Lack of technological infrastructure needed to support VCH in many courts across the country is a major challenge.  There are also skills gap in personnel needed to make it work both at the bar and bench. The good news, however, is with modern technology, not much investment will be needed to make VCH a reality. States can simply designate commercial courts with the requisite technological infrastructure to support VCH. Given the importance of quick dispensation of justice to the investment environment, priority should be placed on resource allocation to developing and acquiring up-to-date technological facilities for VCH and secure data management for the sharing of large data. Public private partnership should also be explored for funding.

Admissibility of Documents

The Evidence Act, 2011, is the principal enactment on evidence in Nigeria. A combined reading of the Act would suggest that it contemplates the physical tendering and admission of documents. Though there are copious provisions on admissibility and proof of execution of electronically generated evidence[12], it may be argued that the Act does not envisage a situation where documents will be admitted in a VCH. There is also the issue of the label to place on a document filed and tendered electronically, is it primary or secondary evidence? These doubts would require the amendment of the Evidence Act to expressly make provisions on admissibility of documents in a VCH.

Few judges and Courts in Rural Areas

For all the benefits of VCH, it cannot address the main problem of fewer judges compared to cases in our courts. Many of our courts are in rural areas without quality access to the internet. These are fundamental issues that must be addressed for VCH to thrive on a large scale.For VCH to be effective, one requires access to a computer/Smartphone, a good internet connection and electricity. Many people in the rural areas cannot afford this. However, we can start off the process with big commercial cases where the parties and counsel can afford these facilities.

Attitude of lawyers

Despite the decision of the Supreme Court on the constitutionality of VCH, many lawyers still hold the view that VCH cannot ensure a fair trial. There is the real chance that they may jump at it as an excuse to appeal decisions. This may further frustrate the system. However, the requirement of parties’ consent would go a long way in addressing that possibility.  There is also the need for continuous professional development centered on dispute resolution in modern times. A lot of the legal gymnastic in court do not aid dispute resolution. The Nigerian Bar Association should be encouraged to carry out a massive education in this regard.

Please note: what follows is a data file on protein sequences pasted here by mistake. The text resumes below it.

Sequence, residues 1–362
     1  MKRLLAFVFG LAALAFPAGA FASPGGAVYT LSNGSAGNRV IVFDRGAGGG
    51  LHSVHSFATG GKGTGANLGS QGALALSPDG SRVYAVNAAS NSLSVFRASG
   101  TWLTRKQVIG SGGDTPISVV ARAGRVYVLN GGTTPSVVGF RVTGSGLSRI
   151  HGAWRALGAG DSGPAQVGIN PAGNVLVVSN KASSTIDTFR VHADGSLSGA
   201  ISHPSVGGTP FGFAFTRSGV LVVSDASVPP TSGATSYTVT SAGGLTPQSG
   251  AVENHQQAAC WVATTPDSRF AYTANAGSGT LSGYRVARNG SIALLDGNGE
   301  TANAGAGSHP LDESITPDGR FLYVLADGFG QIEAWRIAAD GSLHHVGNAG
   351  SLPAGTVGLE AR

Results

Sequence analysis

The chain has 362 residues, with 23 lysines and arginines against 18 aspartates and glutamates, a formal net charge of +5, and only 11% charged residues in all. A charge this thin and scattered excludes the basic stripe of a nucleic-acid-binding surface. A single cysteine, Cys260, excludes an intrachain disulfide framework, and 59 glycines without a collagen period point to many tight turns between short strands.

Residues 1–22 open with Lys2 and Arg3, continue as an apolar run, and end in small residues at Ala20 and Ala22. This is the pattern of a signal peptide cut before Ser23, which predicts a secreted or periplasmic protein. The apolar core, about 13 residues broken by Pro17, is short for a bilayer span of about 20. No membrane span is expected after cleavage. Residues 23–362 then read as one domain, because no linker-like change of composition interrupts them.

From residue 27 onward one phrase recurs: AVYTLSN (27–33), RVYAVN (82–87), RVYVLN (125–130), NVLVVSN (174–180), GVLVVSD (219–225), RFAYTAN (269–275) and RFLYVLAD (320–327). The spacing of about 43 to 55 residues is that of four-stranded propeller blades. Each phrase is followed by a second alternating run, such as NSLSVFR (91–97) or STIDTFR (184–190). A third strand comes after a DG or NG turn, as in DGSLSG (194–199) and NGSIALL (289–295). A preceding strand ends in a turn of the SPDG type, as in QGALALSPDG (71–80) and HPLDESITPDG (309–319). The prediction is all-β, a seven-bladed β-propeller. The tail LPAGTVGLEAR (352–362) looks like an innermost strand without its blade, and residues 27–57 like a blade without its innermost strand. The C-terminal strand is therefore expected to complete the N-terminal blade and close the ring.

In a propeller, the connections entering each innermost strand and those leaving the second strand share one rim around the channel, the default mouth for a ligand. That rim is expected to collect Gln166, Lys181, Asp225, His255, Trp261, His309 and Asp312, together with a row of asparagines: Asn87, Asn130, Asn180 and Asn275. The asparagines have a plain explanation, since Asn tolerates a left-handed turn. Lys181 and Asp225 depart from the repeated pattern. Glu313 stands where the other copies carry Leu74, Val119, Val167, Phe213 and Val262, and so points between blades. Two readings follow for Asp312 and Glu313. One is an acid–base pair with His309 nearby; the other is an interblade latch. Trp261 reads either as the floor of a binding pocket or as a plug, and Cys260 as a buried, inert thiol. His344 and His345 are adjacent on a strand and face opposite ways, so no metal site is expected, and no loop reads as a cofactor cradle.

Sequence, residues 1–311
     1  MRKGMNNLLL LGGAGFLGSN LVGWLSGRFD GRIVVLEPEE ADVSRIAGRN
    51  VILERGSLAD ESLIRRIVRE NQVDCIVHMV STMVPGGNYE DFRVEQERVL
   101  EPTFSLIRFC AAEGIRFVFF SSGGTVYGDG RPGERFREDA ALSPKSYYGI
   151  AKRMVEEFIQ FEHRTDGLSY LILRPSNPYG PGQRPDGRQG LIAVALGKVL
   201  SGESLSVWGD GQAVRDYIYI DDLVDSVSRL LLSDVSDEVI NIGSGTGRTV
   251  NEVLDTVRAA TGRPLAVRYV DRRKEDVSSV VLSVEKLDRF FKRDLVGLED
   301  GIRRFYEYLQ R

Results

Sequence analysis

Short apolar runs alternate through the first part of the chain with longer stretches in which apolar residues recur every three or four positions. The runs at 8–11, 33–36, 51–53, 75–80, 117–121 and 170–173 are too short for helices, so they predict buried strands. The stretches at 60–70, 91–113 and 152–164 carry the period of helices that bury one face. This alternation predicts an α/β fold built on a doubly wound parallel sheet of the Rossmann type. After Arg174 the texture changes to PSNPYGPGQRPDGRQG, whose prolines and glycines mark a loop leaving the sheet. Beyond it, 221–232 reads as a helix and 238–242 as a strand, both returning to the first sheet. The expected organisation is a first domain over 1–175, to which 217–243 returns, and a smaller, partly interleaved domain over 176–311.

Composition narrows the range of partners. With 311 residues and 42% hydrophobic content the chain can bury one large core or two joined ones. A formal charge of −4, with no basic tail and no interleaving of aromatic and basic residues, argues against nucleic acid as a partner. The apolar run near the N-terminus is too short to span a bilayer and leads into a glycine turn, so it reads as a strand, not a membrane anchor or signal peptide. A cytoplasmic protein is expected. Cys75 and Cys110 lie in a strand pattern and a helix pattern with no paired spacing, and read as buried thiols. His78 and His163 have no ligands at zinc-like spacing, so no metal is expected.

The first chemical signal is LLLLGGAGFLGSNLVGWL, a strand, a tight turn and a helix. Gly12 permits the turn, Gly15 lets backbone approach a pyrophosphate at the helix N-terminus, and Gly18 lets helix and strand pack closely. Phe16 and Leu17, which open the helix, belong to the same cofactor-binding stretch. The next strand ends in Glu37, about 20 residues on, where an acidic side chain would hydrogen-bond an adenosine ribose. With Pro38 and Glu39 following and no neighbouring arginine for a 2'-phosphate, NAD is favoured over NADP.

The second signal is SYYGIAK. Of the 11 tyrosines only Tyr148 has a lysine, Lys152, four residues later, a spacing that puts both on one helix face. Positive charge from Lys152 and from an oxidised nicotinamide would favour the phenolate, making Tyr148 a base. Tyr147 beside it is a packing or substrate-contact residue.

Conclusion and Recommendations

The importance of effective and quick dispensation of justice especially for commercial and investment disputes cannot be over emphasized. The adage that Justice delayed is justice denied still holds true. While the challenges beleaguering the Justice Administration process are multifaceted, it is certain that the adoption of VHC will address a good number of the challenges. There is therefore a call on the law makers, heads of Court, members of the bench, lawyers, officers of the court and all stakeholders in the justice system to put heads together to fashion out an effective structure for the adoption of VCH as an acceptable and preferable means of adjudication in the Nigerian Courts.

While it is conceded that there are challenges to the use of VCH, the challenges are surmountable and manageable in relation to commercial disputes. VCH is suitable for commercial disputes and contract enforcement because they are substantially based on documentary evidence. Though VCH cannot solve all the challenges facing justice administration, proper case management which it engenders would ensure that the wheels of justice grinds a little bit faster and with less frustration along the way in the resolution of commercial disputes and enforcement of contracts.

COVID-19 has taught us that there is no legal work and court preceding that cannot be done virtually. Modern technology makes VCH possible with ease and at minimal cost. What is needed is the fine-tuning of the legal architecture to facilitate the process. Below are the summary of recommendations on how Nigeria can deploy VCH in resolving commercial disputes and ultimately boosting the ease of doing business in Nigeria:

  1. Nigeria needs to create/redesign commercial division of courts with requisite technological gadgets to support VCH. States and federal courts can immediately create at least one division with requite infrastructure and personnel as a test case for VCH in settlement of commercial disputes.